rsenal were in a great run of form when they travelled to the Dell to face Southampton in April 1988. They were unbeaten in eight league games and, even though they were missing Tony Adams and David O’Leary, they must have been feeling confident when they heard that Southampton would be without striker Danny Wallace. His replacement had impressed in youth football and had made a couple of appearances from the bench in recent weeks, but the prospect of facing Alan Shearer rather than Wallace must have appealed to the Arsenal defence.
Shearer had been spotted by Southampton scout Jack Hixon while playing for the Wallsend Boys Club in Newcastle as a 13-year-old. He moved to the club two years later and quickly set about justifying Hixon’s faith in him. Having scored 48 goals at youth team level for Southampton, he clearly knew where the net was, but his full debut was to be beyond his wildest dreams.
Southampton manager Chris Nicholl told Shearer on the morning of the match that he would be in the team. After just five minutes on the pitch, he had opened the scoring, profiting from indecision in the Arsenal defence to head past John Lukic. A Kevin Bond own goal levelled matters in the 10th minute, but Shearer was at it again 20 minutes later, putting Southampton in front with another close-range header. When Mark Blake extended the lead to 3-1 just before half time, Arsenal’s players must have been fearing their trip back to the dressing room.
“I have tried to instil into them that they are all playing for their places,” said a frustrated George Graham after the match. “The first hour highlighted what I have been trying to preach. I thought Southampton gave us a hiding.” Any tea cups Graham threw at half time did little to help. Shearer completed his hat-trick just four minutes into the second half, scoring from inside the six-yard box after he had initially slammed a sitter against the crossbar. He ran off in delight – a sight that would become familiar over the next two decades. It had been 21 years since a player had scored a hat-trick on his full debut in English football – when Colin Viljoen scored three for Ipswich in against Portsmouth in 1967 – and that was in the Second Division.
Paul Davis scored a late consolation goal for Arsenal but, come the end of the match, all the talk was centred on Southampton’s new star, who, at 17 years and 240 days, had just broken Jimmy Greaves’ record of the youngest player to score a hat-trick in the English top flight.
Graham, however, was slow to praise the teenager. “They were soft goals,” said the Arsenal manager. “He didn’t really earn them. This is the worst we have played since I took over. I am just glad it has happened now, with a few games to sort it out before Wembley.” Graham did not get his wish. Arsenal were beaten 3-2 by Luton in the League Cup final later that month, with those defensive frailties all too visible.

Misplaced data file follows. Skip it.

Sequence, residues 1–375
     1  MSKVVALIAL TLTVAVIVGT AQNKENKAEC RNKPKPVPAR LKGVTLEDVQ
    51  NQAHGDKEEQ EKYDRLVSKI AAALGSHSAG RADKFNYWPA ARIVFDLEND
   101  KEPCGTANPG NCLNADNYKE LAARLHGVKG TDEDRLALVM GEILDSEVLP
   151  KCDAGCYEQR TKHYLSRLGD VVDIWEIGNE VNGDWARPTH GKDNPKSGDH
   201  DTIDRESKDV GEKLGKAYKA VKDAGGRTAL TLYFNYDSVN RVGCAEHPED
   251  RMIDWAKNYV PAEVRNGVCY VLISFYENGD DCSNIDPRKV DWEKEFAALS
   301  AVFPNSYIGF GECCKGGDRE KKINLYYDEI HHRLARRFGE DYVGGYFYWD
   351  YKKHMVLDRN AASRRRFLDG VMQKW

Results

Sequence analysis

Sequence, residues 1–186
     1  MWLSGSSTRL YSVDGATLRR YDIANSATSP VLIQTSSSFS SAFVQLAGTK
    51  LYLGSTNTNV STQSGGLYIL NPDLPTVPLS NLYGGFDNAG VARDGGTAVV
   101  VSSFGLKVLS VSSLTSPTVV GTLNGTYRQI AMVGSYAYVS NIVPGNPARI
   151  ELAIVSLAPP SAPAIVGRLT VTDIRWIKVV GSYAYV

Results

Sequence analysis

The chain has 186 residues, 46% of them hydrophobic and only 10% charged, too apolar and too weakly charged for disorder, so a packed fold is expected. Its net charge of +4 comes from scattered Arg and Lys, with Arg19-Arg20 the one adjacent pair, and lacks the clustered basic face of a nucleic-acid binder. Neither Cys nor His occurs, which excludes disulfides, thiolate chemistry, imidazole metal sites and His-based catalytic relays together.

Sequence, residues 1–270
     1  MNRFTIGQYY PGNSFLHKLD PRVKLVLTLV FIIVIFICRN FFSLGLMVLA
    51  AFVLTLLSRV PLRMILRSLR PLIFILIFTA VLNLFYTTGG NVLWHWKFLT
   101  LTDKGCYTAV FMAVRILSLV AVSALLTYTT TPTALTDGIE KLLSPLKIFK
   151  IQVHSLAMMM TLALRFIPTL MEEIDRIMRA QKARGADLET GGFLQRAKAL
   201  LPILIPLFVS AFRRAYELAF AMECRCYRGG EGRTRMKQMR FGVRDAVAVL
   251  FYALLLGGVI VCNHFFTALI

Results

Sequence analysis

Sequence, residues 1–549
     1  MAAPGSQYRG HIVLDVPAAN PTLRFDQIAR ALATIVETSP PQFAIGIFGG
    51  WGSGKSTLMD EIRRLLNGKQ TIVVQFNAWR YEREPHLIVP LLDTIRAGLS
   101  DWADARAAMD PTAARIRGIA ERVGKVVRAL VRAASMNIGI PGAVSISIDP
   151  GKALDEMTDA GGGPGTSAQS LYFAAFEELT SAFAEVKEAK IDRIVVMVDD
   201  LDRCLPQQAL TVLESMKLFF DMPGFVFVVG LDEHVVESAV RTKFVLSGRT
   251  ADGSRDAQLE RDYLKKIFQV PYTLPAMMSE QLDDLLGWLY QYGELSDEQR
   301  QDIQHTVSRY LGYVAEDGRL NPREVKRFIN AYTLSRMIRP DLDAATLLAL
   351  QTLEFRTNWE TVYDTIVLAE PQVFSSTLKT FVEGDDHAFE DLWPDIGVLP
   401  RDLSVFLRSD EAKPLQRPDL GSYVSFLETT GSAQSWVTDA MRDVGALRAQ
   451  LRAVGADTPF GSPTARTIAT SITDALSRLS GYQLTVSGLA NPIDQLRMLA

Nicholl chose to protect the hero of the hour and Shearer left the ground with a signed match ball, but without giving any interviews. “He has been waiting for his chance and gave a tremendous performance,” Nicholl said. “But it is vital he keeps his head the same size. When success comes quickly the danger is youngsters don’t realise that only hard work will keep it going.”
There seemed little chance of Shearer getting too big for his boots. The following day, youth team manager Dave Merrington made sure the striker was at the ground to clean the kit and players’ boots. “Looking back, it was a great thing to do,” reflected Shearer later.
Shearer had hit the ground running but, he was exposed to the demands of top-flight football gradually over the next few seasons. He won Southampton’s player of the season award in 1990-91 and by 1992 he was working his way into the England set-up. He had another dream debut in February 1992, when he scored in England’s 2-0 win over France at Wembley. Gary Lineker scored the other goal.
The rest, as they say, is history. After moving to Blackburn for a record £3.6m in the summer of 1992, Shearer scored twice on his debut in the new Premier League, helping the club to win the title in 1994-95. He won the golden boot at Euro 96 then moved back to his boyhood club Newcastle, where he built up his tally of Premier League goals to 260 – a record that will stand for some time.
We had been given a taste of all this back in 1988 and, to his credit, Southampton forward Colin Clarke was spot on at the time when he said: “Everyone at the club has been aware of his potential. He has everything and his attitude is right. He is good in the air, good on the ground and can become a very fine player.” That 17-year-old YTS lad, who was on £35 a week at the time, would definitely prove that he had it all.